American Funds Growth Fund of America: A Short-Term Analysis
An October 15th WSJ article, “When ‘Focused’ Funds Falter”, finds many prominent stock-picker funds among some of the worst performing this year. Of such funds, Fairholme Fund (-27.6% YTD through Oct 13), a subject of one of our previous blog posts, is one of the most notable – along with Bill Miller’s Legg Mason Opportunity […]
An October 15th WSJ article, “When ‘Focused’ Funds Falter”, finds many prominent stock-picker funds among some of the worst performing this year. Of such funds, Fairholme Fund (-27.6% YTD through Oct 13), a subject of one of our previous blog posts, is one of the most notable – along with Bill Miller’s Legg Mason Opportunity (-34.7%) and CGM Focus (-22.2%). All funds have suffered significant redemptions this year.
As highlighted in our Fairholme analysis, concentrated stock bets often lead to concentrated sector bets and both contribute to the fund’s performance. It’s easy to run for the exit after experiencing losses like this but, as always, one should first do a quantitative analysis to understand where the losses are coming from. If one finds significant sector overweighting in an otherwise solid fund, investors may consider offsetting such sector bets with other investments that will help the overall portfolio achieve sector allocations that are close to the benchmark. Thus, if one believes that the manager’s stock selection ability is still there, the heavy exposure to financials in Fairholme could be offset by adding a fund with negligible financials exposure or eliminated by hedging the exposure with a short-financials ETF such as ProShares SEF.
There also exists a “stock-picker fund” that tasks itself with performing such risk management for investors. American Funds Growth Fund of America (GFA) is a multi-strategy domestic equity fund run by several management teams each implementing its own unique investment strategy. Their portfolios are then blended into the fund which is diversified by design. American Funds indicates that, since the product’s launch in 1973, it has outperformed the S&P by 3% a year. The combination of risk management, stock selection ability and exceptional long-term performance previously attracted huge AUM and GFA consistently maintained the status of the largest US equity fund for over six years. Additionally, as of late last year, it was the most popular fund in the enormous U.S. 401k market according to a study done by Brightscope in the October 3rd, 2010 issue of Investment News.
As of September 2011, however, the fund has lost its spot as the largest mutual fund with deep withdrawals. Morningstar indicates that the fund now has $137 billion in assets. In the face of an industry wide flow to passive products, a recent Bloomberg article questions the ability of such a large, focused stock selection fund to outperform in the current market environment. The previously cited Investment News article also indicates that many advisors feel that the fund’s size prevents it from being nimble enough to replicate its past performance.
Given the enormous interest in this fund, we felt compelled to provide some quick insights into the fund’s recent performance since returns-based style analysis (RBSA) is perfectly suited for such a task (as it does not require daily positions on the hundreds of stocks in the portfolio). We performed our analysis with MPI’s Stylus Pro software using Class A shares (AGTHX) 2011 daily NAVs through Oct 14th from Lipper/ThomsonReuters. Note the fund’s losses in Aug-Sep in the chart below, albeit partially offset by Oct gains thus far. It’s not yet clear, though, what portion is due to systematic market conditions.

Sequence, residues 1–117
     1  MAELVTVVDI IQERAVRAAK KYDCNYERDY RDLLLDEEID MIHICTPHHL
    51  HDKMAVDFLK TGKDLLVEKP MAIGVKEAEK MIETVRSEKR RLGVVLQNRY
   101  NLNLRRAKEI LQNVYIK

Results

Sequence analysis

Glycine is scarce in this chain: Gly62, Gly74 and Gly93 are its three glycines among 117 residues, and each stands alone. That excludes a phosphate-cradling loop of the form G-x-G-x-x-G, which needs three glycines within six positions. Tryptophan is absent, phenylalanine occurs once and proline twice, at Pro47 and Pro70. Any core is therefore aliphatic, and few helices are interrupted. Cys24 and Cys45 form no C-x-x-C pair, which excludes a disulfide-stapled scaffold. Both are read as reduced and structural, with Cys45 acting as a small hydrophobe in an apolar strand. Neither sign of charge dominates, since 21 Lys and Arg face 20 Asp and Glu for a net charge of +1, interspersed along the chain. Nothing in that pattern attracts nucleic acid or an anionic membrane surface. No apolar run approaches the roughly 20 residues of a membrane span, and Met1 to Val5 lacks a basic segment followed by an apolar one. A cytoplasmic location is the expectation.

We then performed RBSA using daily returns of the S&P 500 sectors and MSCI AC World ex US Index to better assess the fund’s daily exposures. As always, please note that we are not determining what the actual holdings were but, using only return streams, indentifying the mix of indices that best replicates the performance of the actual fund. A high level of diversification (the fund held over 400 positions per latest SEC filing) results in the analysis having a very high R-squared of 99.5%, which makes such an analysis very credible. Note that the exposures are very stable in the chart below – in line with the fund’s low turnover. Some notable observations:
- Significant exposure to foreign equities, and
- Very recent increase in cash exposure.
We would like to again stress that the results of style analysis are not equivalent to actual fund holdings, although they could be very close. For example, AGTHX has 16% in foreign stock holdings as of June according to the company’s website while our analysis shows exposure to MSCI AC World x US index at around 10%. The differences could be attributed, for instance, to ADRs spread between S&P500 sectors or foreign stocks that behave more like U.S. equity. One should keep in mind that exposures derived through RBSA could prove to be more valuable than holdings information as they represent how fund positions are being viewed by market participants. And while the list of holdings represents simply a snapshot of accounting data, exposures mimicking the funds behavior represent market’s assessment of these holdings: it could happen that a fund’s positions behave closer to sectors that are different than the sectors they’re being assigned to.